Disclaimer: I am not a theologian. I am not a candidate for a bachelor's degree in Biblical and Theological Studies. I am not, despite my high hopes, an intellectual prodigy in the realm of living faithfully. But this year, on this blog, and perhaps for years to come on this blog, I would like to offer you a few thoughts for each week of Advent, the time of preparation and waiting before the celebration of Christ's birth.
This Sunday marks the Sunday that I have been anticipating throughout my time reflecting on Advent on this blog. I am nervous to write about someone who to me has been more experiential than doctrinal. I have few sophisticated thoughts about her and even fewer coherent thoughts. Mary, far from being a theological concept, or question, or problem - Mary is a person to me, a mother, the mother of God. I have wondered about her and encountered her; I have tried to think about her until I am exhausted; but then I try to love her. And lo, a relationship has been established. A connection, a sense of seeing each other - and so, this blog post is an attempt to talk about the woman I know in Mary, rather than theology about her.
This Sunday we turn our attention to Mary, the mother of God. In the Orthodox Church she is the Theotokos, the Birth-giver of God. In the Roman Catholic Church Mary is Our Sovereign Lady, the Sacré Coeur and Chartres Cathedral in France. While many of us turn our attention to Mary only on the fourth Sunday in Advent, she is perpetually present in our experience of the Christmas story, perpetually present as we live through the church year and the life of Christ. She watches with us his growing up and his ministry, and she weeps with us at the cross, and at the tomb. Mary, who ponders all these things and treasures them in her heart, is present in the story.
Mary is pregnant with God.
How can this sentence be true? How can Mary sit on that uncomfortable donkey, in the middle of the journey to Bethlehem, heaving with pregnancy, with a baby inside, and know that she bears the Christ-child? Mary is pregnant with God.
And if that is not strange enough in our story, Mary chose this. I don't know what to think, most of the time, about the dilemma of God's sovereignty and human choice. Sometimes I think everything is my choice, and sometimes I think nothing is my choice. But where the dilemma comes home to me is Mary's story. She says Yes. She says, "Behold, I am the servant of the Lord. Let it be unto me according to Thy word." If I can be more astonished at anything besides the image of Mary, pregnant with God, it is this: that Mary, herself merely human, could say Thy will be done knowing it would mean utter transformation. Knowing that her insides would be completely rearranged. Knowing that there would be no real return from the journey, no re entrance into normal life. Mary looked into the face of the glorious, terrifying angel, and said, Behold, I am the servant of the Lord. Let be unto me according to Thy word.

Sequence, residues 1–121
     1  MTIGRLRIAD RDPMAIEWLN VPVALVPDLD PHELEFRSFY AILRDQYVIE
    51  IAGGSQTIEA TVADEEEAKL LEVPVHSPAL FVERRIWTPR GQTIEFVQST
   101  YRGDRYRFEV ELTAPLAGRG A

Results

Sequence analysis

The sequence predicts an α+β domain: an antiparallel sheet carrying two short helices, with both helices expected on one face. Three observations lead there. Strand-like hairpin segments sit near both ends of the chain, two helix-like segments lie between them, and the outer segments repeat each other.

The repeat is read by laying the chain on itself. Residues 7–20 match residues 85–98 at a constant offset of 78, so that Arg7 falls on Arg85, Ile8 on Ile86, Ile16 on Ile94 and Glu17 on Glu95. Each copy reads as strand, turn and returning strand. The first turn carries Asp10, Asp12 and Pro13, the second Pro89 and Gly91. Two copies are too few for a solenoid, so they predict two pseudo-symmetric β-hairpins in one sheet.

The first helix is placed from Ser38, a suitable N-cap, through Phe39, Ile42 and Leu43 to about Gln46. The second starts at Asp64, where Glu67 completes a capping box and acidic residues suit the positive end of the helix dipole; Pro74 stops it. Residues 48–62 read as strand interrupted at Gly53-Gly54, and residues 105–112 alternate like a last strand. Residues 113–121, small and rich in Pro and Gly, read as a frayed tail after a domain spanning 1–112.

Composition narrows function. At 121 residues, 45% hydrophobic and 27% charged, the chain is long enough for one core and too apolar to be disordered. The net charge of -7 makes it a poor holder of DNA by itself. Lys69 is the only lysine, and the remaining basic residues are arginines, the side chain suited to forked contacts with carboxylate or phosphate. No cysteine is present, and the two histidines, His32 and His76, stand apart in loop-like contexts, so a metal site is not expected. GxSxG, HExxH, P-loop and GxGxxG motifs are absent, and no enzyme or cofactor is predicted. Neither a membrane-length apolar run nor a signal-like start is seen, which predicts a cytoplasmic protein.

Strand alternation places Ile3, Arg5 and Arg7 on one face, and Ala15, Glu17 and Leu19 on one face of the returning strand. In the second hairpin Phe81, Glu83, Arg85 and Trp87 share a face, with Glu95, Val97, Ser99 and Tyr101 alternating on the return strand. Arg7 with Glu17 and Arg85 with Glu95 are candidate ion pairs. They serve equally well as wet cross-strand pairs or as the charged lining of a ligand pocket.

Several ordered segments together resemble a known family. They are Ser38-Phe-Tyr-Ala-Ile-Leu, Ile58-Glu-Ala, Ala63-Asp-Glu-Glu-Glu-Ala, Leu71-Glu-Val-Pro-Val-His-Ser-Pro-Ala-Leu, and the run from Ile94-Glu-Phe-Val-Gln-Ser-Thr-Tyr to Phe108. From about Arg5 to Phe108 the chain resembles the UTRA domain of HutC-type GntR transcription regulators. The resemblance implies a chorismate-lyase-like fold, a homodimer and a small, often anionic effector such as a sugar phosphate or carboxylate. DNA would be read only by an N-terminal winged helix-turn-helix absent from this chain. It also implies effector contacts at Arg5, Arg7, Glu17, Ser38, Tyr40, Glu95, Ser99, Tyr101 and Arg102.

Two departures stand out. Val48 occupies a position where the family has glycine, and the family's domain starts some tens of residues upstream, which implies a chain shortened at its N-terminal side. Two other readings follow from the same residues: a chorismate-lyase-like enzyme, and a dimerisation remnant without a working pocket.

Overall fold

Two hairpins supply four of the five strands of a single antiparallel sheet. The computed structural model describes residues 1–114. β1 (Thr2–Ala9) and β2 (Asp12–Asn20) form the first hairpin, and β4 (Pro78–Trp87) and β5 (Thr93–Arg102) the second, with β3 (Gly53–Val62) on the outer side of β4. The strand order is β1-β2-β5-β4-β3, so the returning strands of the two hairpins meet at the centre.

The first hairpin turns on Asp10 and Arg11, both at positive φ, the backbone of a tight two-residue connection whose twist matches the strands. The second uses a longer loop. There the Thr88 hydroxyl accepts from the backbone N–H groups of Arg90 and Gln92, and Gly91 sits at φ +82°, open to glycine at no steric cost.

This Sunday, we light the fourth candle, and I have to ask: have I said yes to being pregnant with God? Have I agreed, like Mary, to bear the Christ-child into the world? I fear that the answer is only sometimes yes. Sometimes I say yes to God, sometimes I say yes to Advent, to Christmas, to the arrival of Christ in my heart.
But often I say no, or "maybe later," or "It's not very convenient right now..." I do not answer with Mary's words nearly as often as I want to. So this Advent Sunday, I look for Mary. I look for her in the Gospel stories and in the prayers and in my own heart. And today, she helps me answer God. She helps me say, in her words, "Behold, I am the servant of the Lord. Let it be to me according to Thy word."
May we all pray with Mary today, sing with her:
“ My soul magnifies the Lord,
And my spirit has rejoiced in God my Savior.
For He has regarded the lowly state of His maidservant;
For behold, henceforth all generations will call me blessed.
For He who is mighty has done great things for me,
And holy is His name.
And His mercy is on those who fear Him
From generation to generation.
He has shown strength with His arm;
He has scattered the proud in the imagination of their hearts.
He has put down the mighty from their thrones,
And exalted the lowly.
He has filled the hungry with good things,
And the rich He has sent away empty.
He has helped His servant Israel,
In remembrance of His mercy,
As He spoke to our fathers,
To Abraham and to his seed forever.” (Luke 1.46-55)
Fourth Sunday of Advent
We beseech thee, Almighty God, to purify our consciences by
thy daily visitation, that when thy Son Jesus Christ cometh he
may find in us a mansion prepared for himself; through the
same Jesus Christ our Lord, who liveth and reigneth with
thee, in the unity of the Holy Spirit, one God, now and for
(From the Book of Common Prayer in the Anglican Tradition, 1979 edition)